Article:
Bone effects of vitamin D vary by calcium status
MedWire News: Vitamin D exerts opposing effects on bone mineralization depending on serum calcium levels, a study in mice suggests.
The findings indicate that the maintenance of normocalcemia "has priority over skeletal integrity," and that vitamin D not only increases calcium release from bone but also inhibits calcium incorporation in bone.
The study, which was led by Geert Carmeliet (Katholieke Universiteit Leuven, Belgium), aimed to elucidate how bone responds to variations in dietary calcium intake and hence vitamin D-mediated intestinal calcium absorption.
"Insight into these issues is important for correct administration of calcium and vitamin D supplements," note Carmeliet and colleagues in the Journal of Clinical Investigation.
The team developed knockout mice that lacked either the intestinal vitamin D receptor (Vdrint-), or the systemic and osteocyte-specific receptor (Vdr-/-), and compared them with wild-type mice.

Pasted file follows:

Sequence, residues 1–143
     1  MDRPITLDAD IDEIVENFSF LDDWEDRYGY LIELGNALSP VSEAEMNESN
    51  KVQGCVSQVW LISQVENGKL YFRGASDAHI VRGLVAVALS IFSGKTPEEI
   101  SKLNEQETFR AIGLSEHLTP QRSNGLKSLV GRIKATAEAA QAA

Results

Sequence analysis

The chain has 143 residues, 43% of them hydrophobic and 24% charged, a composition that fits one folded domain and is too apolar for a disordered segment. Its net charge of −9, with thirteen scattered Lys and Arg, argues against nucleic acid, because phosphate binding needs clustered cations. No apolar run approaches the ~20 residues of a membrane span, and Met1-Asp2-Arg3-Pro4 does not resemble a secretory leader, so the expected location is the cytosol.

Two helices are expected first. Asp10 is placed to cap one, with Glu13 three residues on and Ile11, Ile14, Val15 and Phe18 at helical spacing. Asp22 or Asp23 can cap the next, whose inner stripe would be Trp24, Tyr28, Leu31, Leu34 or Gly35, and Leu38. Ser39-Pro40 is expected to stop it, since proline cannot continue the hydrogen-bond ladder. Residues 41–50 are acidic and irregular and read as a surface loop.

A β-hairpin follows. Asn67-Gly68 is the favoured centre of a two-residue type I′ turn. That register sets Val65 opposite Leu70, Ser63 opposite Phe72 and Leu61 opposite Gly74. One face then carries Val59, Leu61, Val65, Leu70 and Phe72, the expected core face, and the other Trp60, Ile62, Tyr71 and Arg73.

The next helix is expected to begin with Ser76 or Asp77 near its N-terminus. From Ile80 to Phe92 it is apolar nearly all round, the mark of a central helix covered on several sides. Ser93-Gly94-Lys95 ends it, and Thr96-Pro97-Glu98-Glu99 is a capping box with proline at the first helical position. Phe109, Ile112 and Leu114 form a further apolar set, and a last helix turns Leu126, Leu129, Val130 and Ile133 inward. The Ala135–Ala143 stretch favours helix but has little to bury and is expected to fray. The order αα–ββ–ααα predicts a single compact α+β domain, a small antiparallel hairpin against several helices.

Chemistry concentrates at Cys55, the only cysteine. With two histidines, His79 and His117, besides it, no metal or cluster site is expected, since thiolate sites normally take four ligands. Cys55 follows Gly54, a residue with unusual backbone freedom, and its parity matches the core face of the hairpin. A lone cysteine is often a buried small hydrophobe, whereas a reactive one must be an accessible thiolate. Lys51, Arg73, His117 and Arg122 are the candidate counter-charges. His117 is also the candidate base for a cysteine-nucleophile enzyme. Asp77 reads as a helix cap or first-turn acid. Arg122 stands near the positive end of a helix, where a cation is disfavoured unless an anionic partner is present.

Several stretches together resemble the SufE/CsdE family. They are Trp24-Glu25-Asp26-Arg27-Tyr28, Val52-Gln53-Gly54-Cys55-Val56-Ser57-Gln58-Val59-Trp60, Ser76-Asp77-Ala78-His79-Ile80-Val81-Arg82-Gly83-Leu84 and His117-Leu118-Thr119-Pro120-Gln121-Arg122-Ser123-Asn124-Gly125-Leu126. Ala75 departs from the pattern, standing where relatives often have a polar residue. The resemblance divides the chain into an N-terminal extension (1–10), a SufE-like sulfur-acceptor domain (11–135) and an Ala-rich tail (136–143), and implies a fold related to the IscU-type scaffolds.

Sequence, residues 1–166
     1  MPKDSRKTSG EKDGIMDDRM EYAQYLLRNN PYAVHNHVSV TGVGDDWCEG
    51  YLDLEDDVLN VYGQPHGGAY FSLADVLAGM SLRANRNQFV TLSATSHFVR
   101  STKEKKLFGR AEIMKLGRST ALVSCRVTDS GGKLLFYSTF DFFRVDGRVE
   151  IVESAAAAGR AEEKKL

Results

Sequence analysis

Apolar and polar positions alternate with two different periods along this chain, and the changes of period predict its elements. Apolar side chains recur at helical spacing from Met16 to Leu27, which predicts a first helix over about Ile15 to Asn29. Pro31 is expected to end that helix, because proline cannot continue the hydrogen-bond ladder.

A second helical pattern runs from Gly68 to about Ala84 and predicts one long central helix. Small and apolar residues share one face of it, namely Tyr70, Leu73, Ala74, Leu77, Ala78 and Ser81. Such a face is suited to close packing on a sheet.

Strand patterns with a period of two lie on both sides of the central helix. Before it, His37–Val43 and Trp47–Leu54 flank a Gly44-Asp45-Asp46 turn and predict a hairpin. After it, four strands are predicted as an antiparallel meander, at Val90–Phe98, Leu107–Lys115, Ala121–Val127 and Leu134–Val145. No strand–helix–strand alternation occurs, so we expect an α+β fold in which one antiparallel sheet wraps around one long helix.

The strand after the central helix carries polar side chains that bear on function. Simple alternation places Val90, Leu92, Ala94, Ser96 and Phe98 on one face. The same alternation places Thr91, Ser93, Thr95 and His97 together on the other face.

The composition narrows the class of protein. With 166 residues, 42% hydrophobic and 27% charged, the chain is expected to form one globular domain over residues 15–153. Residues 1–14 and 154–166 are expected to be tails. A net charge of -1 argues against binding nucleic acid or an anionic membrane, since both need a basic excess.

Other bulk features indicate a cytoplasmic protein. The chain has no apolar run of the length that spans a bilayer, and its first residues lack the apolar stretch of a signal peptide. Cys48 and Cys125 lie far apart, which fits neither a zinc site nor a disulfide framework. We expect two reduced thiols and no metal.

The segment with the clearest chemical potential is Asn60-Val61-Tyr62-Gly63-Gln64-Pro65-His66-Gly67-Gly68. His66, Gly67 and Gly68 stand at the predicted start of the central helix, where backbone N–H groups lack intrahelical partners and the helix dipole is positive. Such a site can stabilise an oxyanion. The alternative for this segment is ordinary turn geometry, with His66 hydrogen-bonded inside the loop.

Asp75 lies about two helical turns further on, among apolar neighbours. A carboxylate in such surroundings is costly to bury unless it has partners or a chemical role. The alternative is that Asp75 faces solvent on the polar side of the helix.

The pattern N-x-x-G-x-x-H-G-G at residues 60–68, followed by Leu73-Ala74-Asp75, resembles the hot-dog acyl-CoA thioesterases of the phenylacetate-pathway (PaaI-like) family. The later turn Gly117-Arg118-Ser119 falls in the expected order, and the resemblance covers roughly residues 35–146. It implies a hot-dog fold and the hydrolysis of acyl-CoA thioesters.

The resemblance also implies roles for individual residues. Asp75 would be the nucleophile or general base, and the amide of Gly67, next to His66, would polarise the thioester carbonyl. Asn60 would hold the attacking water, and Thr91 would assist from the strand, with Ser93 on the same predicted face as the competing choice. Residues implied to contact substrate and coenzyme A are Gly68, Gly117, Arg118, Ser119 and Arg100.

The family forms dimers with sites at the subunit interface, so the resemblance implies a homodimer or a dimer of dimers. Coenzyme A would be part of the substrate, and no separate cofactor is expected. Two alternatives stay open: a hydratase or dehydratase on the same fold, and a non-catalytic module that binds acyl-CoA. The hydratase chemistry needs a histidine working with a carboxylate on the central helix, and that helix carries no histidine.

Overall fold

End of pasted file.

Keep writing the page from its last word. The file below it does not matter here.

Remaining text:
As expected, Vdrint- mice showed a reduction in active intestinal calcium absorption, yet their serum calcium levels were normal. This contrasts with Vdr-/- mice, which were hypocalcemic, suggesting that Vdrint- mice can "balance the reduced calcium absorption by compensatory mechanisms," say the authors.
To investigate further they assessed bone homeostasis in the Vdrint- mice, finding that impaired calcium absorption reduced the accrual of bone mass, causing the bones to become fragile and prone to fracture. However, bone growth per se was unaffected.
Subsequent studies of Vdrint- mice showed that normocalcemia was maintained via an upregulation in bone turnover; that impaired mineralization contributed to reduced skeletal calcium content; and that increased skeletal Vdr signaling suppressed skeletal calcium incorporation. In addition, increased circulating levels of active vitamin D impaired mineralization by upregulation the expression of "mineralization inhibitors" such as pyrophosphates.
"Thus, while vitamin D is important for maintaining serum calcium levels, it can also promote bone density loss," the authors summarize.
They say their findings could help findings from clinical trials whereby - contrary to predictions - vitamin D supplementation had either a neutral or negative impact on fracture risk in elderly individuals.
"Conservation of normocalcemia is thus preferred over calcium storage in bone, a finding that should be kept in mind in the prevention and treatment of osteoporosis," Carmeliet and co-authors conclude.
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By Joanna Lyford